In the North, the traitorous bogyman to the “indoctrinated
state” was the parochial school system—and the controversy of religion in
public schools. The Catholic Church wasn’t ready to lower religious
education of its children to the standard of a public school system, and
Catholics were fed up paying taxes to a school system it didn’t use. Parochial
schools were demanding their share of the “school fund” and they’d teach their
kids as they saw fit. Ah, but the fomenters of “Union” didn’t want two
systems—it wanted one to teach all our children to worship at the altar of the
Federal government and a united nation. For further reading on the public
school issue in the North, I refer the reader to Religion, Race, and Reconstruction by Ward M. McAfee, which was my
source. I imagine there are others.
The collapse of the great Republican example in Tennessee
impacted directly the outcome of the Radical/conservative struggles in
Virginia, Texas, and Mississippi. Virginia was a fait accompli with Grant’s
(and Lee’s) discreet backing of the conservative candidate, Gilbert C. Walker—a Northerner favored by
the state’s old-line Whigs and toward whom the Democrats leaned as the lesser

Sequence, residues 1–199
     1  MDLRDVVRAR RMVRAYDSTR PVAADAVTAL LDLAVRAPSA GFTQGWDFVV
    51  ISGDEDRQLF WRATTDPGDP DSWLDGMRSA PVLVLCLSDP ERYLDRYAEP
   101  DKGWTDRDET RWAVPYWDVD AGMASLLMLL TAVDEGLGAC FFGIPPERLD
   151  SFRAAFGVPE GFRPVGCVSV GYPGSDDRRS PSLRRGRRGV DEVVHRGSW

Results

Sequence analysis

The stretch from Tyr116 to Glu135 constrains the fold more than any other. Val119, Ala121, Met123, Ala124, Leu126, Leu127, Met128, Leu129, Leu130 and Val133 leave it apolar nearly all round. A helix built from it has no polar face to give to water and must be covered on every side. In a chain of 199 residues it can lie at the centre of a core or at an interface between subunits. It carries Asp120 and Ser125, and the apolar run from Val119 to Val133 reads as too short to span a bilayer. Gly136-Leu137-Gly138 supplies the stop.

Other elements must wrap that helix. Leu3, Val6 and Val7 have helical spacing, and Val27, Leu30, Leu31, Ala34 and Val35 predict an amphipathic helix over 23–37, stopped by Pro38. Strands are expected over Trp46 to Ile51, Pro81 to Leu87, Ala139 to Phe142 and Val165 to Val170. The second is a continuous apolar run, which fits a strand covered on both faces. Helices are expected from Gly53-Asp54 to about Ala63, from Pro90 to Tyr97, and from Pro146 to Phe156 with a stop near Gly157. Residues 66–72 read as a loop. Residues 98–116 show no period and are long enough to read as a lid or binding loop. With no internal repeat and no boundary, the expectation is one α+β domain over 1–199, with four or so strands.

of two evils (see Bob Pollock’s Yesterday...and Today post of 3 February 2015 regarding my remarks on Grant and Lee). During his campaign, Walker had made an issue of disapproving
the unpopular public education plan outlined in the new constitution—placed
there, as was the case in Mississippi, by the Radicals composing the state
constitutional convention. Oh my, oh my. Everyone was paying attention to these
events—guess somebody should have informed President Grant that Walker presented a
threat to the Radicals before word got out that Grant found him preferable to
the “Radical” candidate.
Enter the senior senator
from Massachusetts, Charles Sumner. He’ll tell him, by George! [A little play on George Boutwell, Sumner’s House colleague from Massassachusetts and by then, Grant’s Treasury Secretary.]
They’ll both tell him—set that soldier straight as to what a Republican president is supposed to be doing—next time and thanks for reading,